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How To Balance Your Studies With A Job At University

When I started university I was excited about living by myself, but I soon learned that money was essential for […]

When I started university I was excited about living by myself, but I soon learned that money was essential for getting by. So I got myself a job. By the end of the first year I had invented several simple rules for balancing a part-time job with university.


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Your Degree Must Come First

As you may have noticed, things like coursework and seminar prep work usually take up most of your time. Don’t try to change that. You came to university to get a degree and you’re paying thousands of pounds a year to do it, so just get it done.

It must come before everything and you should give it your full and undivided attention, forsaking a social life and everything else that makes you happy. Ok, maybe not to that extreme. But sometimes it does feel like some tutors want to add that at the end of their start-of-year speeches.

I will just emphasise that your degree is the most important (and expensive) thing that will come from your years in higher education, so give it the attention it deserves.

So when it comes to writing up coursework and diving into the dissertation, try and do the following;

  • Turn off your phone, Facebook, Twitter and anything else that will provide you with contact to the outside world.
  • Lock yourself in your room and don’t come out until you’ve made a sizeable dent in your work – about 1000 words of an essay should suffice before the urge to socialise becomes too distracting.
  • Make sure your work periods outnumber the amount of breaks that you will inevitably take.
  • Try to hand your assignments in early; it will give you a bit more time to relax before your next project is due in.

Those are just my words of advice. Here are a few more tips.

How to Fit Your Job Around Your Deadlines

Once you’ve gotten the hang of prioritising your university work, it’s time to add to it by getting a job. Coursework must come first, but it’s understandable to feel conflicted when your boss asks you to do a shift around the same time that you have a 2500 word essay due in. You need the money, but you don’t want to turn in a rushed and poorly written essay. Here’s what you do:

Plan Ahead

Don’t annoy your boss by constantly backing out of a shift you’ve agreed to do because you’ve forgotten about that project deadline coming up next week. Bear in mind that your boss has a business to run and you’re not making it easy by being unreliable.

It will benefit everyone in the long run if you avoid double-booking yourself by knowing when you will have to give your deadlines your full attention and when you can afford to work on someone else’s time.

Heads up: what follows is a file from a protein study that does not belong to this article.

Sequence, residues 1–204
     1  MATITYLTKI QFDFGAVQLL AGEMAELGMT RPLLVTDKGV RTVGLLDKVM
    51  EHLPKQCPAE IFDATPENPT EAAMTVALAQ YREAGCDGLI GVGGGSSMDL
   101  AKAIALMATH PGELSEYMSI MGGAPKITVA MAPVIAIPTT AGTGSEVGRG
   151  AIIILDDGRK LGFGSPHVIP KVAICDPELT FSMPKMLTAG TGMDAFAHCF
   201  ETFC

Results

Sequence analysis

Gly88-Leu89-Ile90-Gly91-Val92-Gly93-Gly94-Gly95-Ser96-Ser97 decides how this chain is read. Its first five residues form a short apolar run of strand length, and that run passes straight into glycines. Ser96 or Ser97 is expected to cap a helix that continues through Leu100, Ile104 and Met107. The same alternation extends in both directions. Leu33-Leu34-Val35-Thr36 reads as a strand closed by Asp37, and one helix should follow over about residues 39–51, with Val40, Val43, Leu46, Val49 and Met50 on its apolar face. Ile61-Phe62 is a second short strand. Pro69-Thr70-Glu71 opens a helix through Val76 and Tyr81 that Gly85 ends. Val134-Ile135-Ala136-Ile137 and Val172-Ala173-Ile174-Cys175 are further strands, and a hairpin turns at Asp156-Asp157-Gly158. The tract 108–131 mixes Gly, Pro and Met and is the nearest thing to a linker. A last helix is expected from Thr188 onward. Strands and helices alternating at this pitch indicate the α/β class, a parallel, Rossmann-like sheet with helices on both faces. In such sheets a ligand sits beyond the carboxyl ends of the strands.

If at all possible, try to get a job that doesn’t require too much travel. It will make it easier for you to organise your time if you don’t have to factor in unexpected road accidents or train delays.

Whenever it’s possible, try to arrive before your shifts start. I used to arrive fifteen minutes before I needed to be there and spend ten minutes just catching my breath and reading my kindle. Not much, but it was a few minutes that I had to myself.

Remember that if there is a real emergency (and you’ve proven yourself to be otherwise reliable) your boss can get someone to fill in for you.

Squeeze in Some Well-Deserved Fun Wherever Possible

If you’ve just gotten paid and you have a rare night off, spend that money on a few drinks! Look out for cheap club nights and drink deals at your Student Union or at the local pub – whatever floats your boat. Make sure to take advantage of any special deals in your area. Especially look out for any student discounts.

Work is synonymous with university and independence, but it’s not what instantly comes to mind when people remember their days as a student. That’s because there is more to university than work. It’s about the people you meet, the friends you make and the experiences that shape your future. It really is the best time of your life.

My time as an undergraduate is nearly over but it feels like I’ve only just started. There is nothing I would change, but there is still so much more I want to enjoy – even the balancing act of a part-time job and university work is something I am reluctant to let go.

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Sara is a full-time student at Bath Spa University. Alongside her degree she works part-time as a waitress at a popular wedding venue and she writes for The GKBC Writers’ Academy.

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